Customer value driven service business development: Outcomes from the Fleet Asset Management Project

Toni Ahonen, Markku Reunanen, Ville Ojanen

Research output: Book/ReportReport

Abstract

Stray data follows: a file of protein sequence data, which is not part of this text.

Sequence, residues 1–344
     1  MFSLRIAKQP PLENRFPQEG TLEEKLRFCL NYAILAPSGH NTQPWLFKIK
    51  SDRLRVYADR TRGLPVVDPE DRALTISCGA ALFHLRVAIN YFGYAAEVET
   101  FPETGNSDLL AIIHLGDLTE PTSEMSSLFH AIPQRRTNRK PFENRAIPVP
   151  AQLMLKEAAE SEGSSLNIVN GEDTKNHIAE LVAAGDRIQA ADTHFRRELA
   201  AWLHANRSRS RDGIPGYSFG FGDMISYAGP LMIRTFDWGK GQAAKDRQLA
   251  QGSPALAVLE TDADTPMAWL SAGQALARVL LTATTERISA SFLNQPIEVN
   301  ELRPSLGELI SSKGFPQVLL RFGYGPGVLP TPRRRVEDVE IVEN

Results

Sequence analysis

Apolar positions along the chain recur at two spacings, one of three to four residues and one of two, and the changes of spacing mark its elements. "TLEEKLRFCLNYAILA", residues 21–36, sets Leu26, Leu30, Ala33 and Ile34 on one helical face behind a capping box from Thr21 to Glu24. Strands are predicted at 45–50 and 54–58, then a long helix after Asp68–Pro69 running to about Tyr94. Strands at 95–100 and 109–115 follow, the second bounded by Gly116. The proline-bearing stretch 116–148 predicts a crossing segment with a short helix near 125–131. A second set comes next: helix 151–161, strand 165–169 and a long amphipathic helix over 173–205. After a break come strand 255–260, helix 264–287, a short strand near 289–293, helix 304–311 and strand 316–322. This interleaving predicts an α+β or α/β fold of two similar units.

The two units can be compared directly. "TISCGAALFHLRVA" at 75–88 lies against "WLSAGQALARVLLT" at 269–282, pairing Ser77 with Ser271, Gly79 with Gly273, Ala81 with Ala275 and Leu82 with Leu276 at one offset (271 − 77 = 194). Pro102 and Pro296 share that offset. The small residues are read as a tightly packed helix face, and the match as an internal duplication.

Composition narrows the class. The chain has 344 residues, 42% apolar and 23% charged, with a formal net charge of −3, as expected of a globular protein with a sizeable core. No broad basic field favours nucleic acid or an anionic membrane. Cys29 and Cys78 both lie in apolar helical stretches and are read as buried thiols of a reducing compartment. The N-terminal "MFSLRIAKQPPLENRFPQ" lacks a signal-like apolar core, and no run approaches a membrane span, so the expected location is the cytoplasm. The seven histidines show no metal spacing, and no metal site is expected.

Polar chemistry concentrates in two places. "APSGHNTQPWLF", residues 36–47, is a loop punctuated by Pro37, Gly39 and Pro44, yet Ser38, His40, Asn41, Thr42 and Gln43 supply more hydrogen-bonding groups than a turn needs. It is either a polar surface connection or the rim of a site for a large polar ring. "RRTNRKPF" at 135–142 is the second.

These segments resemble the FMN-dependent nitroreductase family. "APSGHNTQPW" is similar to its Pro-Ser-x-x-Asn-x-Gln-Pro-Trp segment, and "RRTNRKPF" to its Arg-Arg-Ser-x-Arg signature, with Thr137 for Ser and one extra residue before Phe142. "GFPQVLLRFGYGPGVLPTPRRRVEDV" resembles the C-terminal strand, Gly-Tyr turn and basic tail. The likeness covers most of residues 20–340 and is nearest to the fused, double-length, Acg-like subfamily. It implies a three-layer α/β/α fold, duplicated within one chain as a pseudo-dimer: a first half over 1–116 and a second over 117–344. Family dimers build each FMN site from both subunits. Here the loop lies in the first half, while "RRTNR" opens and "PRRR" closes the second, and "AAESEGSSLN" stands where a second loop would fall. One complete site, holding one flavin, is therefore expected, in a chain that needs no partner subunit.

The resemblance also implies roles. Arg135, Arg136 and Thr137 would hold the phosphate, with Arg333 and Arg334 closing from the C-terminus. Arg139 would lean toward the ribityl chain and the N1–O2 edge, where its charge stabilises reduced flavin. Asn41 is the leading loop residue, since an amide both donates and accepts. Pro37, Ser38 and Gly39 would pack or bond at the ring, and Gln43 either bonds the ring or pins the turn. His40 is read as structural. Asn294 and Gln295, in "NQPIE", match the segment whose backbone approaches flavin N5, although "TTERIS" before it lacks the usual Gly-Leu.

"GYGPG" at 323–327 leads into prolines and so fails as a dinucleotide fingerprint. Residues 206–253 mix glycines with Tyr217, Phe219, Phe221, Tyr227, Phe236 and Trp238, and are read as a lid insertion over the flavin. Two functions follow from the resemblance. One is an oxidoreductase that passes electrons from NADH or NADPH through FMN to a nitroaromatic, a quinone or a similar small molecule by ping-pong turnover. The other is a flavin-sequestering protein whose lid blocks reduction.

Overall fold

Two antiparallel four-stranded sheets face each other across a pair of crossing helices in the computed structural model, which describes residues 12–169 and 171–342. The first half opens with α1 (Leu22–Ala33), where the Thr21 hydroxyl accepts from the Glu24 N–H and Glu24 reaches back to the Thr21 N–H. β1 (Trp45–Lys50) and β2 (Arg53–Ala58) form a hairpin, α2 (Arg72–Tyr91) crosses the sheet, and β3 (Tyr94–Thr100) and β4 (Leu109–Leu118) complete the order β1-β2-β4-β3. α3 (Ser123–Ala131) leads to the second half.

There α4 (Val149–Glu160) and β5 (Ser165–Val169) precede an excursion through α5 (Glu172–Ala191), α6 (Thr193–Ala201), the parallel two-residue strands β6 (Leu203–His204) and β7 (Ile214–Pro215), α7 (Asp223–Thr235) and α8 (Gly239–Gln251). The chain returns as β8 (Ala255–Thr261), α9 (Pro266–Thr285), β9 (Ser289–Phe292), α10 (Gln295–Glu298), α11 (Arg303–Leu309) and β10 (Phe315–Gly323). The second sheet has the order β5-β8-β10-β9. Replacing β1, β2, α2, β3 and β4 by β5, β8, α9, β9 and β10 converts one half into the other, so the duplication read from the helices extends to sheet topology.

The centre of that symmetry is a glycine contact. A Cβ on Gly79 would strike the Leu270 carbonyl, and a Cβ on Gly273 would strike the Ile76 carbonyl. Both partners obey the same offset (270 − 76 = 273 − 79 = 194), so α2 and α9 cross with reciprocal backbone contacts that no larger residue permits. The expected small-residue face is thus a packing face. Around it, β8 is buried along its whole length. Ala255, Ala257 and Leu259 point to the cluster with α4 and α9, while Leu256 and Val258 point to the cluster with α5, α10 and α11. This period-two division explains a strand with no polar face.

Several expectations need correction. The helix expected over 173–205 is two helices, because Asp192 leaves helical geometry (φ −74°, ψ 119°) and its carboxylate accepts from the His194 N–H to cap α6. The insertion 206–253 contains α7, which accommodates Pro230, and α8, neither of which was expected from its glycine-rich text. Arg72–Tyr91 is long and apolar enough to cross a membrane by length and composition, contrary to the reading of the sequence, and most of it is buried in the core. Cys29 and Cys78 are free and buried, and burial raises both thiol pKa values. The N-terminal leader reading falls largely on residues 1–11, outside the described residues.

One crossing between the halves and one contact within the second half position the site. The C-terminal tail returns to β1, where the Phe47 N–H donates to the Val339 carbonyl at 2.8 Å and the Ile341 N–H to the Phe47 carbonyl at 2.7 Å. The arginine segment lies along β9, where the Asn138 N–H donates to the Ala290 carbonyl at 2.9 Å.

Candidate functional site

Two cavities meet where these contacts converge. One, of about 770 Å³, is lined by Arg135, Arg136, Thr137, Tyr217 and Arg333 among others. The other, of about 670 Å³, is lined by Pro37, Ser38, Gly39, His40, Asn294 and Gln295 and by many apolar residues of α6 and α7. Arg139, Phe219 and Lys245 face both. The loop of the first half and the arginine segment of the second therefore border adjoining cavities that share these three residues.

Transformation in many companies from goods-dominant logic towards service-dominant logic has continued, and the present difficult economic situation in many companies has actually strengthened this motivation to develop new service businesses in addition to developing existing product-service solutions. The aim of this publication is to enhance the understanding of the industrial service business, with a focus on aspects deemed important in creating new successful business: the success factors and risks of a service provider, collaborative relationships and networking, information management in maintenance services and the customer value of services. In the new service development process, there are numerous success factors to be considered in different phases. Our research has revealed some factors assessed high by industrial firms. We have found that, in addition to a profound understanding of the customers' production and business processes, the ability to build trust and a fast reaction to the changing client needs among other things are crucial for successful service development and implementation. Collaborating more effectively with the customer has also been widely recognized as a prerequisite of successful service business. Our research contributes to this field, especially to the business scenarios of networked maintenance by exploring the forms of collaboration in a service provider-customer relationship. New, more collaborative, ways of working in a networked maintenance environment are needed and we propose a maintenance community model as a management framework for these environments. Information management and communication solutions for the purposes of complex maintenance networks are still underdeveloped. We propose ICT solutions that support the collaboration and information exchange in the network and at the same time allow individual members to operate effectively and independently on the terms of the nature of their business environment and related dynamics. One challenge to systematic service innovation is the multidisciplinary nature of services integrating across technology, business, social, and client (demand) innovations. In many firms the success of selling and service provisions rests with a few individuals able to identify the customers' expectations and needs and to find appropriate solutions ad hoc. Despite the centrality of customer value to marketing, there is a lack of common systematic methods at organizational level for customer negotiations and composing service offerings based on customer value. This has also inhibited efficient utilization of existing customer data and gathering new relevant information. We propose a process for analyzing customer value when new services are created or for complementing the service offering, also when the customer specific benefits expected from the services are assessed.